DALLAS — When first-year Dallas Stars Coach Jim Montgomery called out his team over a “culture of mediocrity” in January, the St. Louis Blues weren’t too far removed from having the worst record in the NHL.

Now the Central Division rivals will meet in the second round of the playoffs – and Montgomery, UMaine’s career leader in points, is ready to move on from his scathing critique, while declaring that the culture has changed.

“If you’re in that locker room, you see the culture now,” Montgomery after the Stars beat Nashville 2-1 in overtime in Game 6 on Monday to finish off the first-round series. “You see how much more professional we are. We work efficiently. We work effectively. And we work together.

“We’re going to be eight of 31 teams left, right? We’re doing something right. But we hope not to be done. But we know we’re facing a really good team next, again.”

The Blues went from having a league-worst 34 points on Jan. 2 to becoming the first team that was last in the NHL at the beginning of the calendar year to advance in the postseason.

Montgomery’s blunt assessment came after a 3-1 loss to St. Louis when the Blues were beginning to dig out of their hole. The Dallas turnaround started a week later with the beginning of a five-game winning streak that bridged the All-Star break.

A year after collapsing late in the regular season with an eight-game losing streak that started with six straight losses on the road, the Stars picked up seven of eight possible points on a four-game Canadian swing late in the season to all but wrap up their first playoff berth in three years.

Ben Bishop, a Vezina Trophy finalist who had a playoff career-high 47 saves to finish off the Predators, will be facing his hometown team, and the one that drafted him 14 years ago.

“I’ve been trying not to think about it, obviously trying to worry about this series,” Bishop said. “It kind of gets a smile.”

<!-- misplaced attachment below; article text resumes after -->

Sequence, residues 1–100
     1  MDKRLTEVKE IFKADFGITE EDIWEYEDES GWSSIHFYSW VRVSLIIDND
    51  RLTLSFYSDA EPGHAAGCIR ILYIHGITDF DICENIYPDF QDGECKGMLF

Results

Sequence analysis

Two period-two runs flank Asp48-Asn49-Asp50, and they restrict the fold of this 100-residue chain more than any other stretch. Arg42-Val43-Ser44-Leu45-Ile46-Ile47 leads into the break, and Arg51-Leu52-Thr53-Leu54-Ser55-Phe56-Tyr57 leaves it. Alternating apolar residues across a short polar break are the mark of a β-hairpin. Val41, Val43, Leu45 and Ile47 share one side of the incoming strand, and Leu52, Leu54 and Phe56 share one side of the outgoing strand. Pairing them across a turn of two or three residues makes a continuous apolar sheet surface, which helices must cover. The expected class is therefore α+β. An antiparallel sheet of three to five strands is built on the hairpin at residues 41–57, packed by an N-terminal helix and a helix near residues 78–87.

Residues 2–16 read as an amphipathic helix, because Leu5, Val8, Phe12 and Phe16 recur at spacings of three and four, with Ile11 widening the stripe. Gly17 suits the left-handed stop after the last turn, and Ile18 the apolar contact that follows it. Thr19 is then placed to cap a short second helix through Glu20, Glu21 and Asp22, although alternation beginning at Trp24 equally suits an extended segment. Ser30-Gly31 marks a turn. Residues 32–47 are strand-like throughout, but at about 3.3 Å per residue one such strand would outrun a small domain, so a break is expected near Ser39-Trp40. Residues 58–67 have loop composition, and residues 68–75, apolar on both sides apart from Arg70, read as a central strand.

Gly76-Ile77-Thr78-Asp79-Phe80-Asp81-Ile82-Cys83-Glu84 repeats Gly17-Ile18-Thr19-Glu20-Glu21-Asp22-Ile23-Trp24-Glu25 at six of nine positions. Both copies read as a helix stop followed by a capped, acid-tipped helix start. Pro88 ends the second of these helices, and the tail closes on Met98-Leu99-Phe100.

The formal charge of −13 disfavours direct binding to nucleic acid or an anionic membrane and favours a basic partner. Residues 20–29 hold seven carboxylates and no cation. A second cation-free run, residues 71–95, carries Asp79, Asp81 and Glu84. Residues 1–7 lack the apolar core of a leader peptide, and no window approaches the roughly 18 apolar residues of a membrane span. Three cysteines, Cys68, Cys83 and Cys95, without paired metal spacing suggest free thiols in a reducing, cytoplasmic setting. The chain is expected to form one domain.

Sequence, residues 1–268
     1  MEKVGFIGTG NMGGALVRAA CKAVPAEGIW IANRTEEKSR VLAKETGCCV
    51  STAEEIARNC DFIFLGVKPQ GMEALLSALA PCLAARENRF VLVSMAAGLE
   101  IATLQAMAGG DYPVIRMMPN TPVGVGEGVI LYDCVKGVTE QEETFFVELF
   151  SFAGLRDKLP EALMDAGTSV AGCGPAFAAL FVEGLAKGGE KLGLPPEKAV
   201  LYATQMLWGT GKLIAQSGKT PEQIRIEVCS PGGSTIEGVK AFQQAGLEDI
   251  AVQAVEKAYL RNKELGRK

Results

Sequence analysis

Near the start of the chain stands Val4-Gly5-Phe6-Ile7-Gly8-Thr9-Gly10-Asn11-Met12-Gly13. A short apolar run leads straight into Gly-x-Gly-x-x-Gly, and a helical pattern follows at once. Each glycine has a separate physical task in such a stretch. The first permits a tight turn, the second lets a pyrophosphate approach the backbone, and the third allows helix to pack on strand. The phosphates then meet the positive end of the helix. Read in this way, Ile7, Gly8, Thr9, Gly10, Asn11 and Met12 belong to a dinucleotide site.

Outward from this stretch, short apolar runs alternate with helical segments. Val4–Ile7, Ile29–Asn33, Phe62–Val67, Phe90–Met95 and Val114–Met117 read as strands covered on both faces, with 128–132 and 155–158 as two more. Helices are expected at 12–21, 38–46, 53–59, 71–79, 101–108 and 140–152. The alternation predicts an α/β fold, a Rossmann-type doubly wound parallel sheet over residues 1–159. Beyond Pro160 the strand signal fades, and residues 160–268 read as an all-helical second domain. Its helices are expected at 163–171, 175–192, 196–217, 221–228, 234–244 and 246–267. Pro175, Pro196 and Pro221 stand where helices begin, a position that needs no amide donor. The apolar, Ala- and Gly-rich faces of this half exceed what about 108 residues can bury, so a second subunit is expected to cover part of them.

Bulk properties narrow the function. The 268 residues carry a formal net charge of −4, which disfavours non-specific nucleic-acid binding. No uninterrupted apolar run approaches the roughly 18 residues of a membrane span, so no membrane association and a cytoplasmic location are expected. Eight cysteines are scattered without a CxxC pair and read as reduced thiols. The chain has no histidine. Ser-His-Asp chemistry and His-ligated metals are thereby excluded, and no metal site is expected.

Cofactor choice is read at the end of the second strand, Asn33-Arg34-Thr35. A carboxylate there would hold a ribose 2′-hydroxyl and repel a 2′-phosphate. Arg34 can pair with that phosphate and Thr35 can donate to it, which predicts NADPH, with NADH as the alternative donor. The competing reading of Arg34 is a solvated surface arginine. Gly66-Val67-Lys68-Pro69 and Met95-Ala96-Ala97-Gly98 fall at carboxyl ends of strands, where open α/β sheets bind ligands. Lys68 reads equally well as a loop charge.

The Blues and Stars were the lower seeds in their first-round matchups. St. Louis beat Winnipeg, also in six games. If Vegas wins Game 7 at San Jose in the remaining first-round Western Conference series Tuesday night, all four lower seeds will have advanced.

RULES: The pace and excitement of three-on-three overtime isn’t just a thrill for hockey fans – NHL players love it, too.

An Associated Press/Canadian Press survey of NHLPA representatives from all 31 teams found that 97 percent of those polled enjoy the league’s current overtime format during the regular season. The survey also found there are other rules the players are less thrilled with, ranging from delay-of-game penalties to confusion about goalie interference.

CAPS-HURRICANES: Justin Williams doesn’t lose in Game 7. Except that one time.

The player who earned the “Mr. Game 7” moniker for going 7-0 with seven goals and seven assists in winner-take-all situations lost in a Game 7 for the first time with the Washington Capitals in 2017. Now he’s back as captain of the Carolina Hurricanes looking to hand his most recent team another crushing playoff loss in a catalog full of them.

“You learn a lot about people when it’s win or go home, when it’s us or them,” Williams said. “Anything can happen next game, and we’re happy to be playing it.”

The Capitals blew a chance to eliminate the Hurricanes on the road Monday and will now host Game 7 at home Wednesday night. After Washington exorcised its demons against Pittsburgh, won Game 7 of the Eastern Conference final at Tampa Bay and lifted the Stanley Cup last year, there isn’t the same doom and gloom hovering over a franchise that for years fell short of expectations.

SABRES: Defenseman Zach Bogosian will miss 5-to-6 months after his second hip operation in a little more than a year.


Comments are not available on this story.